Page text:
How Jamaican Traditions Work

By: Kathryn Whitbourne  | 

Traditional Jamaican Holidays

Unlike some Americans, Jamaicans like their holidays lengthy. Christmas actually lasts for two days -- in fact, many companies close for the entire week between Christmas and New Year's Day.

Christmas Day may start off with a 6 a.m. church service. The other popular way to greet the day is with a visit to Grand Market. This is a street fair held all over the island during the holiday season, with vendors selling toys, sweets and crafts, plus entertainment. Parents often take their children to Grand Market on Christmas Day to pick out some toys, while other kids will lie in bed awaiting the arrival of Santa Claus.


Christmas dinner will likely consist of roast chicken, rice and gungo peas (pigeon peas), with sorrel to drink. Sorrel is a plant, not unlike the rooibos (red tea) herb, which is steeped hot, then cooled and mixed with ginger, sugar and white rum. Its bright red color makes it a great holiday drink. Dessert usually features a Christmas cake or pudding, very similar to the type made in England, but with a lot more alcohol.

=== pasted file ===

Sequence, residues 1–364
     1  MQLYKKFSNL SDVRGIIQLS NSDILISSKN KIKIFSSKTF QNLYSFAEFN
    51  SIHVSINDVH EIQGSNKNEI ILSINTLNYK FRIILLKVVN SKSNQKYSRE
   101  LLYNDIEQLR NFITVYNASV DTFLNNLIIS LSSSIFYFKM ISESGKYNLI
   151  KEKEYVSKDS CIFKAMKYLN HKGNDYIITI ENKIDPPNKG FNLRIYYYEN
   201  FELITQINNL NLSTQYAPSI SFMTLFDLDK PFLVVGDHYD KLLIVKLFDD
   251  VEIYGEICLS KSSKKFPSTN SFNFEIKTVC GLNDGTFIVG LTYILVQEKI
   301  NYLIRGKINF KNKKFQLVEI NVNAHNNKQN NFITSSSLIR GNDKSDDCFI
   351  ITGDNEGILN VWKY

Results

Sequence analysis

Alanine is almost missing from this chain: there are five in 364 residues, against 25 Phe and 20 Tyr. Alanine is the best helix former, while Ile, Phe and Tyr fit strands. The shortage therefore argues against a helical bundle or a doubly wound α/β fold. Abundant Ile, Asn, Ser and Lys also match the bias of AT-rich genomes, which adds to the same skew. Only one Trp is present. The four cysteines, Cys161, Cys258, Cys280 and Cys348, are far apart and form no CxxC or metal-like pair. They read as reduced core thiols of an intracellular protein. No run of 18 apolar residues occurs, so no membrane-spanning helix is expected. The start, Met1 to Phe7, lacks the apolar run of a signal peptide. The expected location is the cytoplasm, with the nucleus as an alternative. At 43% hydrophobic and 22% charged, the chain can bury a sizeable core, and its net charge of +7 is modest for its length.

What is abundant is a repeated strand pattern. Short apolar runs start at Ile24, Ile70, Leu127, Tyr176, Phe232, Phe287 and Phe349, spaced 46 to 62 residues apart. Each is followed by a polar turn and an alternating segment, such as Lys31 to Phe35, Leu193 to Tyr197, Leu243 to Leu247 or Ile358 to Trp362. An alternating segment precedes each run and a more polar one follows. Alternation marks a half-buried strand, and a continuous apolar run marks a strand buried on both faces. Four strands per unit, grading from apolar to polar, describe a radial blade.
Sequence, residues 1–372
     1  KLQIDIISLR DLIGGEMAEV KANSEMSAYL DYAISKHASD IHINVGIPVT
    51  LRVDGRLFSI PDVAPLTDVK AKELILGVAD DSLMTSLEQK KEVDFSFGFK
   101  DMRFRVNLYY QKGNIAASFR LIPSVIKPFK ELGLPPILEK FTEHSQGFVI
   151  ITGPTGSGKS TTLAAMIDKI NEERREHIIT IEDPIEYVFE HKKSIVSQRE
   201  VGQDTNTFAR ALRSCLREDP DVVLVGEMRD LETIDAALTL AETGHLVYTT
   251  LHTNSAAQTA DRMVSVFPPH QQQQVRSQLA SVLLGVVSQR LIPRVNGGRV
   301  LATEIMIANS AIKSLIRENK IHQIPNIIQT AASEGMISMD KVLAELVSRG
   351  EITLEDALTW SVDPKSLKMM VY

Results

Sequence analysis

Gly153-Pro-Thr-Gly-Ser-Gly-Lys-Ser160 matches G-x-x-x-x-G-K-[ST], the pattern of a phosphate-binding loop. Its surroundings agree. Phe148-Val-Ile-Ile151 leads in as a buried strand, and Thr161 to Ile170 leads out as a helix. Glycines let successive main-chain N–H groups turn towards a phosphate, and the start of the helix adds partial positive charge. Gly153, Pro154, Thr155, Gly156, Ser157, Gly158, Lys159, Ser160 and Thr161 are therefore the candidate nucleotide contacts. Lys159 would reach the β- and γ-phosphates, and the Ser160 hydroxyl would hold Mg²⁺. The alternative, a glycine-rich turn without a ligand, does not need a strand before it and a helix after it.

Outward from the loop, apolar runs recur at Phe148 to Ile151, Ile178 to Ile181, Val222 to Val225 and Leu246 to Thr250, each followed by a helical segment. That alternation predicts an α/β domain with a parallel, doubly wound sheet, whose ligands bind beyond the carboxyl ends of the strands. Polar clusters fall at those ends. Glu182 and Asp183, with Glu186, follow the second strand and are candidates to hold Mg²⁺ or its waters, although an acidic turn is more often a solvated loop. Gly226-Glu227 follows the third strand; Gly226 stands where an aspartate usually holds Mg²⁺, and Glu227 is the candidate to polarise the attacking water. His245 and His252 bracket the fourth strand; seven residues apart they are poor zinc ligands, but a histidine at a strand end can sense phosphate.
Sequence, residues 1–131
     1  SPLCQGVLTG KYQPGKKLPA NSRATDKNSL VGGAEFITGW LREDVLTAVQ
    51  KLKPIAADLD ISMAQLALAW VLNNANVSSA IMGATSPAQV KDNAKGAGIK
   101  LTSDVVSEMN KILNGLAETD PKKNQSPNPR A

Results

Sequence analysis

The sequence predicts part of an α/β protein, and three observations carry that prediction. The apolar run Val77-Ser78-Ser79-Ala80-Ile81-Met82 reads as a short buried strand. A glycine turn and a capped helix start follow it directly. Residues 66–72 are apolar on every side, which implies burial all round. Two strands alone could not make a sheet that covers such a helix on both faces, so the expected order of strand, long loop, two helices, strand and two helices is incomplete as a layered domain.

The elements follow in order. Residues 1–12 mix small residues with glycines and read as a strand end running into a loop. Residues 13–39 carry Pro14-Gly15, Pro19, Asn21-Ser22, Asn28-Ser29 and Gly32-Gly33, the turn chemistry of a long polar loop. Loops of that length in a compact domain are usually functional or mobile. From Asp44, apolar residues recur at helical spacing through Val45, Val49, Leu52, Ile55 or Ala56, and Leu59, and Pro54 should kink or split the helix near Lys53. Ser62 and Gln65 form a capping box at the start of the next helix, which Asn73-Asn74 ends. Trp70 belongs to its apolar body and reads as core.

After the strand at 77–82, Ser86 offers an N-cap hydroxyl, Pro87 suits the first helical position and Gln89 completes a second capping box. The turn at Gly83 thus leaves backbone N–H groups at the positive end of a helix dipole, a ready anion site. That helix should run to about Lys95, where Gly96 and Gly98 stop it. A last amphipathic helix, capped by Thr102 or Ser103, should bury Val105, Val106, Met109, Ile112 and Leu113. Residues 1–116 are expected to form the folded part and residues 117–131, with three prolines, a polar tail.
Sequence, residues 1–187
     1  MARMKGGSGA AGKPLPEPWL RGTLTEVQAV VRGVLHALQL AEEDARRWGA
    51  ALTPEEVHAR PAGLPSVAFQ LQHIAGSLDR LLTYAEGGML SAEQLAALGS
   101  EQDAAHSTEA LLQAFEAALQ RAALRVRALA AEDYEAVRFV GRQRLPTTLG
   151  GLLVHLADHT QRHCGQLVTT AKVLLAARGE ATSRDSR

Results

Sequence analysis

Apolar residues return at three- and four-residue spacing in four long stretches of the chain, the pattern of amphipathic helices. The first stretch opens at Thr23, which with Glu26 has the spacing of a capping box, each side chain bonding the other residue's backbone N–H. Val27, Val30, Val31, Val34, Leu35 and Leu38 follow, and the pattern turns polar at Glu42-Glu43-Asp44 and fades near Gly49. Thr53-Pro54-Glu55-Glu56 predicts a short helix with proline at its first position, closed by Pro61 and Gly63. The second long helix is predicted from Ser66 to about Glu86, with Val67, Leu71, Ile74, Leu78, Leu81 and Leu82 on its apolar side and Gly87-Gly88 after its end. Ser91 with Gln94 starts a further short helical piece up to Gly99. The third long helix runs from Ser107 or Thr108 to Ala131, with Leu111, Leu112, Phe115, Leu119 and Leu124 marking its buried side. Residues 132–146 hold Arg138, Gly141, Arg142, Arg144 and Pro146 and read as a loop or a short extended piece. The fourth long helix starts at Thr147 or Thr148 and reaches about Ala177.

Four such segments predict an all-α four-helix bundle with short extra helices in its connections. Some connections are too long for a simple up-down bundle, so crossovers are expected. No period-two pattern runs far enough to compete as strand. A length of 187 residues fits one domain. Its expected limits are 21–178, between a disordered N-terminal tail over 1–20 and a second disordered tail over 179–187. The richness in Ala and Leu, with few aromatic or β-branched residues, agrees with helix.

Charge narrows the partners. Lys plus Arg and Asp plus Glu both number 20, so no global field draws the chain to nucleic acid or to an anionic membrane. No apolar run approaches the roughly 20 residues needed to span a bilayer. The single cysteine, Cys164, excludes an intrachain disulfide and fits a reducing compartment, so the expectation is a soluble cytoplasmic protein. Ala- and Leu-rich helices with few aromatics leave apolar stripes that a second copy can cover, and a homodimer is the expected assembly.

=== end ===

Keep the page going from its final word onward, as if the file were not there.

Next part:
Another tradition is the Junkunoo parade, which is found in many Caribbean islands and has its roots in slavery. Men dressed in costumes representing the devil, a cow and even a pregnant woman parade the streets in small groups accompanied by drums and flutes, much to the amusement of the onlookers [source: Tortello]. On Boxing Day, the day after Christmas, people may go to the theater to see the Pantomime (a family musical), which traditionally opens on this day. Some also take the day to visit friends.

Easter is also a big holiday weekend. Many Jamaicans go to church on Good Friday; one holiday superstition involves leaving an egg white out in some water on Holy Thursday and seeing what shape it takes overnight. For instance, if it sets like a ship, travel is in your future.

The most popular Easter tradition is eating bun and cheese. The bun is shaped like a loaf and filled with raisins, cinnamon and other spices, sliced sandwich-style with a piece of cheese in between. Easter is also the start of the annual carnival, featuring costumed parades and bands of calypso and soca musicians. Easter Monday (the day after Easter) will find Jamaicans at the beach or having a cookout.

Jamaicans celebrate a slew of secular holidays as well. August 1 marks Emancipation Day, the day that slaves were set free in the British colonies in 1838. This is celebrated with the reading of the Emancipation Declaration in town centers [source: Government of Jamaica]. August 6 marks Independence Day, when Jamaica received its independence from Britain in 1962. The days around the two events are filled with cultural exhibitions in music, dance, poetry and art, beauty contests, float parades and street dancing.